January 09, 2006.
Nation Multimedia - Bangkok, Thailand.
The National Electronics and Computer Technology Centre (Nectec), aided by a research team at Prince of Songkla University, has developed a Braille notebook - a special notebook computer for the blind.
The Braille notebook is a portable computer on which users can key in Braille. Those who are visually impaired can use the notebook to key in information, which can be printed either in Braille or in normal text format. The device could be an important tool to allow the blind to work but is rather expensive at around Bt280,000 per unit.
Realising this, the Assistive Technology Centre at Nectec, which oversees the local development of assistive technology, has decided to work on it further to bring down the cost of the device.
Programme manager Wantanee Phantachat at the Assistive Technology Centre said the centre has allotted Bt5 million to the research team at Prince of Songkla University for the development.
The development is underway and it is expected that a Thai Braille notebook prototype will be available by next year.
Unlike the conventional notebook computer, which is equipped with dozens of buttons, the Braille notebook will have only seven buttons, called Braille cells, to facilitate easy typing for the blind.
The notebook's keyboard will work like shorthand that makes it possible to write messages using a combination of these seven keys. Its size therefore is only one-third that of the normal notebook.
Wantanee said using this kind of notebook, the blind could enter information wherever they wanted, and importantly, the output could come in both Braille and as a normal text document.
"This will help the blind to not only easily create their own Braille documents for use amongst themselves but also convert them to normal text documents for other people at the same time," she said.
After the prototype comes out, the centre plans to work with the private sector for mass production. It is expected the Thai-made Braille notebook will cost only Bt80,000.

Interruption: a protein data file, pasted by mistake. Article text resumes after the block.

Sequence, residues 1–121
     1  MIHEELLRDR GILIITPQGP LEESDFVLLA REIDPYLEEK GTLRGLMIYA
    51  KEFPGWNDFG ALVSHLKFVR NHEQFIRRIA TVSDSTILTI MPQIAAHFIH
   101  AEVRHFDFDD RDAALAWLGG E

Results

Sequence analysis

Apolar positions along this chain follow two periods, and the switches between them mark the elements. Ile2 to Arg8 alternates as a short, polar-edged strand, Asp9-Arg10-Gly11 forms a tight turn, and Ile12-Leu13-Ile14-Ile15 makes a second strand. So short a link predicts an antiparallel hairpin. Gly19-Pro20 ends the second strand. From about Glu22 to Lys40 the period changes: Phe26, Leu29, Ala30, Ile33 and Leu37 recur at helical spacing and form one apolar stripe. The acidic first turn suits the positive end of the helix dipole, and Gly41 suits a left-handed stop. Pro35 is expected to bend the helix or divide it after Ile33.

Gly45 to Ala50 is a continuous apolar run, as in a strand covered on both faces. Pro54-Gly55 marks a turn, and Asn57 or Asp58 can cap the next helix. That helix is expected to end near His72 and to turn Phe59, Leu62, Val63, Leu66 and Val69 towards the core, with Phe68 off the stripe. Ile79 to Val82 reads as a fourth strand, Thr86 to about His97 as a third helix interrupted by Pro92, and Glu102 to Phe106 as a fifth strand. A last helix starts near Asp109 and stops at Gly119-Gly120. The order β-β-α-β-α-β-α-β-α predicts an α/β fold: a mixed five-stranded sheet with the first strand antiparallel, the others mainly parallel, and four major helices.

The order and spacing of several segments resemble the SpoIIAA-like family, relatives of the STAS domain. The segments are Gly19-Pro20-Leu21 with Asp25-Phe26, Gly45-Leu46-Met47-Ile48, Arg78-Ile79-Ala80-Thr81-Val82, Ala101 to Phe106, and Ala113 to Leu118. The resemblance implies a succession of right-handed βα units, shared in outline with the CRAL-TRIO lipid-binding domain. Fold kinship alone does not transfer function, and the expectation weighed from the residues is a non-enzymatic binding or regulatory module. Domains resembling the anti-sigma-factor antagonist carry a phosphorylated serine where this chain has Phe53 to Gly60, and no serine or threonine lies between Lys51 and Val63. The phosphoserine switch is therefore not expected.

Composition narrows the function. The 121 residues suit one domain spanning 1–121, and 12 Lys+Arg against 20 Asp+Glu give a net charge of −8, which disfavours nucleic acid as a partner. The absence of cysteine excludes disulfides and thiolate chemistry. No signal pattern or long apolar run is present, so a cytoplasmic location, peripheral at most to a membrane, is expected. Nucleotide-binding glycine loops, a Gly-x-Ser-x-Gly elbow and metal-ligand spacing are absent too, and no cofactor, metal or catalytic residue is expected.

In the meantime, Wantanee said the centre is also working with the research team on screen reader software.
Screen reader is software that can read all text shown on a computer screen out in voice mode so it's very useful for the blind when they use computers.
Popular screen reader software called Jaws, which is used among blind people in Thailand, is very expensive - one single license costs Bt50,000.
Wantanee said this project's developers hope to build Thai screen reader software at a lower cost so those who are visually impaired could use it without limits on their budgets.
However, to make the software work well in the Thai language, the centre plans to negotiate with Microsoft (Thailand) to open some source codes in the Windows operating system to facilitate the development process.
"This development requires cooperation from Microsoft to allow the Thai-made screen reader software to fully read Thai," she said.
The project is in its conceptual design stage.
The centre also plans to set up a long-term research team to oversee this development project in the future. This is because the Thai-made screen reader software will need to be developed continuously following upgraded versions of Microsoft's Windows operation system.
However, there is another alternative to develop the screen reader software. "The open-source concept," she said.
End of article.
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